Chaballout believes that minds are an adaptive organ, and by looking for signs of what you might consider a toxic relationship, your mind will confirm those traits and stop looking for the positives.

Because there is a trigger in your life, it could be, such as in my case, an uncomfortable living situation, or a problem from your childhood, you focus on anything and everything to push away from confronting that feeling. And in some instances, you fixate on how your friendship could be toxic.

What these articles fail to consider is our pre-existing relationships, and how suddenly isolating yourself can do more harm than good. Despite any pain, they may put you through, the fact that there is an existing relationship means you owe it to them, and to yourself, to communicate.

“If we were to start with communication, it would solve 99 per cent of our problems… It’s damaging for you emotionally because you have created a bond with this person. It creates an additional whirlwind of ‘Oh if I couldn’t get along with…, there must be something wrong with me.’

“Before you actually start naming things and labelling things, you should be like ‘No, I would love to talk to… There’s nothing wrong with me, but at this moment in time, I need to take care of myself, and I’m okay.

“Again, it’s the amount of negative thoughts, and the impact it has on you would need to shift,” he says.

When I found the article, I was at a boiling point. I was a steaming pressure cooker with no way to let the air out, and with a bang, I horribly did harm to my mental health. I did not just cut off my friendships on social media, I isolated myself with a whole country worth of distance. How could I have not seen that I had got that bad? Why could my friends not see it either?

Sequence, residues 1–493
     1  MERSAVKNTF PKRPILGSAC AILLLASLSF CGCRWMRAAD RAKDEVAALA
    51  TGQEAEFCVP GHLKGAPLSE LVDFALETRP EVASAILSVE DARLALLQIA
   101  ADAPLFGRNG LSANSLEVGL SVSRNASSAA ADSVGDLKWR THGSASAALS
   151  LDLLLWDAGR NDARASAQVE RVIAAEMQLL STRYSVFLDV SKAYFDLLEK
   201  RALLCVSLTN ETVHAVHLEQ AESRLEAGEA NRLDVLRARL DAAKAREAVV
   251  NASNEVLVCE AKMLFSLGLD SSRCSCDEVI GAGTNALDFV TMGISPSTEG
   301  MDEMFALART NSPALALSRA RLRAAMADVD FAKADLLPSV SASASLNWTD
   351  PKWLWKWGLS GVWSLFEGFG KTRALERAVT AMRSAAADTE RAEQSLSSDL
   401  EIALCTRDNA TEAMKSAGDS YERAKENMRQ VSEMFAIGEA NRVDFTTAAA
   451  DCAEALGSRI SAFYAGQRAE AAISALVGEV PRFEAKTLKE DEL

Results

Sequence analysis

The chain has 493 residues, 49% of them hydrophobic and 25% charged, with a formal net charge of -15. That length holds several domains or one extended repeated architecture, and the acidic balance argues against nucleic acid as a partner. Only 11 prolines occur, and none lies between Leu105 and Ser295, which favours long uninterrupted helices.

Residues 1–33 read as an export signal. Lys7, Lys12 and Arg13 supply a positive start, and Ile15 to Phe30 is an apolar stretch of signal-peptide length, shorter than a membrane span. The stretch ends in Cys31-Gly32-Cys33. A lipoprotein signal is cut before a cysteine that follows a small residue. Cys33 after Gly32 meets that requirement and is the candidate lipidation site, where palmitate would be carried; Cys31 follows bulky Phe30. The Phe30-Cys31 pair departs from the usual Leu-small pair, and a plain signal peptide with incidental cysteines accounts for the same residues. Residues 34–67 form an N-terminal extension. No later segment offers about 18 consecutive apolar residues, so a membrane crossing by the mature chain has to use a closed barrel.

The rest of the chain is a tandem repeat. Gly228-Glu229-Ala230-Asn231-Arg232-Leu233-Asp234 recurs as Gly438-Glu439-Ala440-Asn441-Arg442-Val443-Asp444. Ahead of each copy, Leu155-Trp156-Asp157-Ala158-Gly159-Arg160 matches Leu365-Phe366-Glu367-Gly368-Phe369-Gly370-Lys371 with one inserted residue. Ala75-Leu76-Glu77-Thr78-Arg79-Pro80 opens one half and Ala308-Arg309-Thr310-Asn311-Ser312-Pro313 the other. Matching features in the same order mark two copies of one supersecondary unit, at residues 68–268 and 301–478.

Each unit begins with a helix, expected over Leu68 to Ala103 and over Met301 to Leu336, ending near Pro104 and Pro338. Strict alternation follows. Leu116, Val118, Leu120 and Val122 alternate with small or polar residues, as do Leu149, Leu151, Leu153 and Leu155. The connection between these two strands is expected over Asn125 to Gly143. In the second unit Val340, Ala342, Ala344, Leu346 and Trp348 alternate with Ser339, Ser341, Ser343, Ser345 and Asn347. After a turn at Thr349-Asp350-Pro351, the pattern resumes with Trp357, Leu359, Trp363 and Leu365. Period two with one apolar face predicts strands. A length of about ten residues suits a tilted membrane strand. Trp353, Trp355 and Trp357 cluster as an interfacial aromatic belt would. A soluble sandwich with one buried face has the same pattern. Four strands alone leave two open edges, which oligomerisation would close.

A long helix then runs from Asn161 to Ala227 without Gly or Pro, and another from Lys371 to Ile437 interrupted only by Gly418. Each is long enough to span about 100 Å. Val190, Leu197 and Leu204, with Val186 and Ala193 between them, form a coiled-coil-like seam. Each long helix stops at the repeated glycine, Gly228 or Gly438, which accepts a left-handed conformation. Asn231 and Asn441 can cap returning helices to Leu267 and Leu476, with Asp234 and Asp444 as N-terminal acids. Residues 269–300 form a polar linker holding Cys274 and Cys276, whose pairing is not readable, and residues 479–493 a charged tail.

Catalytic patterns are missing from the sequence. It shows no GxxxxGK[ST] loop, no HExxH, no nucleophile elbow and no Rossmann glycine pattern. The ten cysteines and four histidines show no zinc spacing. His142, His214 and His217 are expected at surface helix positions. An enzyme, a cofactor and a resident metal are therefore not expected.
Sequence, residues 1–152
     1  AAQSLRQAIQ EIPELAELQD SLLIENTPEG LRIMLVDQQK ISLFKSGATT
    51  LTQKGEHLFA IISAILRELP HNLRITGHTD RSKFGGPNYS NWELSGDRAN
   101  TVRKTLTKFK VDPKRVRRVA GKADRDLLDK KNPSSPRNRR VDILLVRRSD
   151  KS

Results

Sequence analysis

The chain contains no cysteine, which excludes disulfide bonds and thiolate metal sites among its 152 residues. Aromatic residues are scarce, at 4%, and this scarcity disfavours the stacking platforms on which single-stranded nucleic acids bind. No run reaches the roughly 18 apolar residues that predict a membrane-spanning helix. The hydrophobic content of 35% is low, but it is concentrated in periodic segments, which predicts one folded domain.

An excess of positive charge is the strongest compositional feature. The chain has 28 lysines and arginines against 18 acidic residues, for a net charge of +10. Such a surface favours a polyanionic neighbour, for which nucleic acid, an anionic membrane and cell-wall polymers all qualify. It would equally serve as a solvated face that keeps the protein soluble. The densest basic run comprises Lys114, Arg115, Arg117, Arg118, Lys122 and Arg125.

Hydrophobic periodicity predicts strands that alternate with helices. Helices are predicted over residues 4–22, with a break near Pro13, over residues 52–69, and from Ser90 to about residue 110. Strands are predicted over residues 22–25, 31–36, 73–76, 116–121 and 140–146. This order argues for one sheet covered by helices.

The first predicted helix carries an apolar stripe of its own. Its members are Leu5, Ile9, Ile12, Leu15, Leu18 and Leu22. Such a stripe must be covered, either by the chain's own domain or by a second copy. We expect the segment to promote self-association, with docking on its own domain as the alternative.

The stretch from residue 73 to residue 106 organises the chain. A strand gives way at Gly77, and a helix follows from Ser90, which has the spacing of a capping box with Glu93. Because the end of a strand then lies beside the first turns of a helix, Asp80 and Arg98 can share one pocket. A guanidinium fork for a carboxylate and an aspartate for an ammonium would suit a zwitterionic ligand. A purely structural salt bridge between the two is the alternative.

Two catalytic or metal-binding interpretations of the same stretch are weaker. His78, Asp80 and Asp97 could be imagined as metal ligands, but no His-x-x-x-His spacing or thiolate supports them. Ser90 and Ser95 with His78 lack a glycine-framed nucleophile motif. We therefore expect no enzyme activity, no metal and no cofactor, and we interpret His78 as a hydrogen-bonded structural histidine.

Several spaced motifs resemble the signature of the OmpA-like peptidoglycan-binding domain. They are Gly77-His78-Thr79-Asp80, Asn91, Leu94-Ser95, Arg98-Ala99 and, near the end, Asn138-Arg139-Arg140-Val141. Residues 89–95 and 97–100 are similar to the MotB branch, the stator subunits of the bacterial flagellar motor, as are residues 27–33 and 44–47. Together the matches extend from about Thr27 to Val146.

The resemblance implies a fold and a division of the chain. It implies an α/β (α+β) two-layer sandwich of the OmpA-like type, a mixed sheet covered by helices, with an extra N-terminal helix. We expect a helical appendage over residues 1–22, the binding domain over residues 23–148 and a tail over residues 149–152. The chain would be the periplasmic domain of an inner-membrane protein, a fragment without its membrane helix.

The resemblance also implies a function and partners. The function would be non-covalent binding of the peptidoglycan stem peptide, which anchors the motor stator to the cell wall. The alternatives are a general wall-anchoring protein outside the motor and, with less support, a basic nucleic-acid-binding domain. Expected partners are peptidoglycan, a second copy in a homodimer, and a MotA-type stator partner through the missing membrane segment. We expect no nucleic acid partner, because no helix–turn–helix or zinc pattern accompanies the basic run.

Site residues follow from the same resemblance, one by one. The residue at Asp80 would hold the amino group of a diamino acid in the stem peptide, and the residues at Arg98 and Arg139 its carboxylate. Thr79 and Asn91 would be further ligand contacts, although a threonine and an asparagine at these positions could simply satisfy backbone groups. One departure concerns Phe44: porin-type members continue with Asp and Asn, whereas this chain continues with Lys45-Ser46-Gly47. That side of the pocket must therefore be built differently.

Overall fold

My university friendships had reached its bitter conclusion, but I refuse to. They were beautiful people, and for two years they gave me some of my best, and also saddest memories. I no longer look back in anger, but nostalgia, and for that, I thank them.

 

[box type=”info” align=”alignleft” ]Take better care of yourself

That is not to say, if you do feel as if you are in a relationship that is having a negative impact on your mental health, you should not remove yourself from the situation. Instead, rather than immediately cutting yourself off from potential support, there are steps you can take to make sure your mental health comes first.

  • Reflection: You need to understand you before you can move on. Take some time to think about what your friend did that hurt you. And ask yourself why? Why did it hurt you? Why did you react the way you did? Write down your answers, visually seeing your thoughts really helps to clear up your mind.

 

  • Communication: Set healthy boundaries for yourself, and if they continue to disrespect those boundaries, then you can say, “I don’t want this.” Talk to your friend that might be hurting you. Or talk to another close friend, and ask them to be honest with you about how you might be acting in this situation.

 

  • Realities: Being able to cut yourself off from those that hurt you, realistically is not viable. You need to understand there are ways that they will still be in your life, and that by having these expectations of complete removal, you are only setting yourself up for more hurt. Remember, support is always available.[/box]

About Post Author

Aimee Miller

Chief sub-editor at The River writing about all things books, reviews & north-east Asia. Say hi on Twitter or email me!